U.S. public pension liabilities have increased 64% since 2007, with just a 30% rise in assets....
Try These Lesser-Known Time Frames
04/04/2012 2:00 pm EST
By using less-common time frames like on a 13-, 34-, or 55-minute chart, Evan Lazarus gets the same, accurate chart picture, but takes advantage of slightly different entry and exit points.
One of the things traders are always asking other traders is what time frames they are watching to get a good view of the markets. Our guest today is Evan Lazarus of T3Live, and he’s going to talk about the time frames he watches.
So Evan, you have some interesting time frames that are a little bit different from what most people watch. What are they?
Well, my time frames are different only because I’ve never been a believer in the herd mentality.
I think that as traders talk traditional technical analysis, they’re generally taught certain time frames to look at. Daytraders, or short-term traders, look at five- and 15-minute charts; swing traders will look at 30-minute charts, 60-minute charts, and daily charts, and that’s fine and well.
What I’ve done is I basically used the same concept, I’ve just altered the numbers slightly, and the time frames I’ll generally look at, and if I’m in, let’s say, a daytrade, instead of looking at a five and a 15, I’ll look at a five-minute chart and a 13-minute chart.
If I’m in something beyond a daytrade or swing trade, or a position, I’ll look at a 34-minute chart, a 55-minute chart, a daily chart, and a weekly chart.
The reason that I’ve altered the numbers is only because I’m a big believer in the Fib sequence, which is all about harmony in the marketplace, so those numbers are all in accordance with that sequence.
See related: Fibonacci Analysis: Master the Basics
Moreover than that, I find that by altering the time frames ever so slightly, so use a 13-minute chart instead of a 15-minute chart, that same 13-minute chart will show me a strong stock, just as it would on a 15-minute chart, but my points of entry are slightly different than everybody else.
When you’re buying a 15-minute high, or a five-minute high, or a 30-minute high, I’m buying a 13-minute high, or a 34-minute high, so it takes the “noise” that you see out of prices.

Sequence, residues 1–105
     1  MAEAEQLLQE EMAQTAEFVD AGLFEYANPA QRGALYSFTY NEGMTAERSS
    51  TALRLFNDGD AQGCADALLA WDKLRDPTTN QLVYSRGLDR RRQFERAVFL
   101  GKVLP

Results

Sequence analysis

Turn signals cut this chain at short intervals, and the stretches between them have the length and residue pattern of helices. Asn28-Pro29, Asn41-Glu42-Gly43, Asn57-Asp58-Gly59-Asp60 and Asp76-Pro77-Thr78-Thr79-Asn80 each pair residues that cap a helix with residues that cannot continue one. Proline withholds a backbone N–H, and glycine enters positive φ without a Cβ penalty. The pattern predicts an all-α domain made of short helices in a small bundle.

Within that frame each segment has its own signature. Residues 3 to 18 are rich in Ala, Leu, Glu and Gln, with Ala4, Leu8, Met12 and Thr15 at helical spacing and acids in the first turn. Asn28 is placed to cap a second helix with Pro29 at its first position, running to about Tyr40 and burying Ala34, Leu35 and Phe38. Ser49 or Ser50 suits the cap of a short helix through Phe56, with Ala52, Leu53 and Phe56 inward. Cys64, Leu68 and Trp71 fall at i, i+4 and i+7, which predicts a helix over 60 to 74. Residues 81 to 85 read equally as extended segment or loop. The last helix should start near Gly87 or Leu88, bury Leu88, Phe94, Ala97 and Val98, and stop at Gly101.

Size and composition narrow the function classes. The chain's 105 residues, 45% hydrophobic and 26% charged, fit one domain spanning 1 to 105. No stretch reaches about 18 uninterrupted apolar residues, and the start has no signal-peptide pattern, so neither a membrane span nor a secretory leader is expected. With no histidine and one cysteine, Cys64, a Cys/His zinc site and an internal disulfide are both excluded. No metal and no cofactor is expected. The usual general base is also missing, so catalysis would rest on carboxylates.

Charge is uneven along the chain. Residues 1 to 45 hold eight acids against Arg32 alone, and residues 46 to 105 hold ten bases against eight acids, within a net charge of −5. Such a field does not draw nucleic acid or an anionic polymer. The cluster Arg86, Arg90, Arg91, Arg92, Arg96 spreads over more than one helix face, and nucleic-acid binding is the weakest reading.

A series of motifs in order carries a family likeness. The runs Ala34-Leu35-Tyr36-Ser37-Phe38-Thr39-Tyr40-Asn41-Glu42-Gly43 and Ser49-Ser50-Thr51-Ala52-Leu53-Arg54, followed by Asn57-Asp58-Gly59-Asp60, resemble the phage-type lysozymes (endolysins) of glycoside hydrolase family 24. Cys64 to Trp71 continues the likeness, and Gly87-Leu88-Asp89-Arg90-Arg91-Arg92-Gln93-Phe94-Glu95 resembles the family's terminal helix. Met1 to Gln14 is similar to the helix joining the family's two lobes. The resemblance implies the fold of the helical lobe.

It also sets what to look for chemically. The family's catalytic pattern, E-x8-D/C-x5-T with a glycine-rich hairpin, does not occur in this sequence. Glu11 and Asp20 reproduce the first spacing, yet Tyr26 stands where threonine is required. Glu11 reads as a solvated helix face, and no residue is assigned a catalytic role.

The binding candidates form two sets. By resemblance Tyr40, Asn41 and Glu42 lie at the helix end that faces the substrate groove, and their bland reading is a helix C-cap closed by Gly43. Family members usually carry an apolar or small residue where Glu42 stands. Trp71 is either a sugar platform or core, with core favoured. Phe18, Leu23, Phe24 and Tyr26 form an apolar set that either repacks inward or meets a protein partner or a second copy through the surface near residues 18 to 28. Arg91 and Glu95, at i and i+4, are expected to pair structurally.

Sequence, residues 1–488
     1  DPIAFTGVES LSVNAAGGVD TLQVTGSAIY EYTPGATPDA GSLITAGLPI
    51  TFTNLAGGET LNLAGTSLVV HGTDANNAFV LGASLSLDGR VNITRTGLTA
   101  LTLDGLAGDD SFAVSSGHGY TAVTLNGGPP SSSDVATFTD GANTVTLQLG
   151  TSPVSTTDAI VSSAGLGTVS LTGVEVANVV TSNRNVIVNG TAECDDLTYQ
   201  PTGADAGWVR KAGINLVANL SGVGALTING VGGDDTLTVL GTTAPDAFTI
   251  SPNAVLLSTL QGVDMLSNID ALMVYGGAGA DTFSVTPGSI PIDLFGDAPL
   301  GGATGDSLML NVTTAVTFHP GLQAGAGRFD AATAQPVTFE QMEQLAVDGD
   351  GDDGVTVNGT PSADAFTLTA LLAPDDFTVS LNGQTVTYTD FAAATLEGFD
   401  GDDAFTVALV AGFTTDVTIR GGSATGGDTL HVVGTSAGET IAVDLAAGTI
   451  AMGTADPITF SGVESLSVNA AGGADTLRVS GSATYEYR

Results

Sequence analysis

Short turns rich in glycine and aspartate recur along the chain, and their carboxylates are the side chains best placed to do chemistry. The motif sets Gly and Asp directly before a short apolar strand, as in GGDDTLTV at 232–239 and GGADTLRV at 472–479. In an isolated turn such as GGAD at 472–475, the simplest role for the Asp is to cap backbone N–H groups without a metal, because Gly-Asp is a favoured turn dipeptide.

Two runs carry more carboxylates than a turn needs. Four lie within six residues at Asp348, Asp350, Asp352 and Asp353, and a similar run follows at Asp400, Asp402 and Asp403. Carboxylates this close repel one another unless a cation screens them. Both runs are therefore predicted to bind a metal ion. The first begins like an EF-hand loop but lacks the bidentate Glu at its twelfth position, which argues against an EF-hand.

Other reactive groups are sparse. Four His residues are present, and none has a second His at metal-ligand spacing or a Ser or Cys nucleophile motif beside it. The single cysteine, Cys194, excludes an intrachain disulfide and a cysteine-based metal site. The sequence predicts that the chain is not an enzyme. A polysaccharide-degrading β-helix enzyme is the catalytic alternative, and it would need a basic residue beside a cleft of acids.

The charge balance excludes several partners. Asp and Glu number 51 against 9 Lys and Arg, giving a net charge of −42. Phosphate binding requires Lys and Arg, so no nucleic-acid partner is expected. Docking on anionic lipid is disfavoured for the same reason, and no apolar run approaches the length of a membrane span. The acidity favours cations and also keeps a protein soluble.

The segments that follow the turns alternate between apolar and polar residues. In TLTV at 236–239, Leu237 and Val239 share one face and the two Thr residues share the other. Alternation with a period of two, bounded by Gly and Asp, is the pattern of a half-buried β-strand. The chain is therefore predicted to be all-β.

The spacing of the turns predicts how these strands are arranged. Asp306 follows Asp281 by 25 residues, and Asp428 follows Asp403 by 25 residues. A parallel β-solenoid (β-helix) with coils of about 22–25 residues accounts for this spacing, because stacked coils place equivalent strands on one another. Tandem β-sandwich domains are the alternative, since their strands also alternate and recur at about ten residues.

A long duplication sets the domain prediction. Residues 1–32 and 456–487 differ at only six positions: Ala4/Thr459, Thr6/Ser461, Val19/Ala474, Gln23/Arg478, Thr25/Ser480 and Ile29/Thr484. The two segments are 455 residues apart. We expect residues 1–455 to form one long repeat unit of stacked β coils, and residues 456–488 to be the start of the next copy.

Sometimes when everybody’s looking at the same prices and the same time frames, you get this sort of “mushroom cloud,” and there’s a lot of chaos and activity, so I’ve just slightly altered it, and it’s just creating a little bit of edge for myself that I wouldn’t necessarily have otherwise.
Are you one of those traders who use very plain charts—price only, maybe some volume—or do you use indicators as well?
I try and keep it simple. I’m a big believer in simplicity. I think that the more indicators and oscillators and moving averages and all these things that you look at, the easier it is for you to overcomplicate the process that should be simply, up, down, or sideways.
I look at candlestick charts, I look at volume, and I’ll look at two or three key moving averages like an eight-period exponential moving average (EMA), a 21-period EMA, and in uptrends or downtrends, I’ll look to buy pullbacks into those rising averages.
I really keep it simple, because the business of trading is hard enough as it is, and if you make the process overcomplicated, you’re going to lose your ability to think rationally about a trade.
Related Articles on STRATEGIES
A straddle allows you to make a bet on a stock’s overall movement without knowing the directio...
Despite what you heard, there has not been an official (10-year/two-year Treasury spread) yield curv...
The stock market remains in an uptrend, writes Joe Duarte, who recommends traders remain patient wit...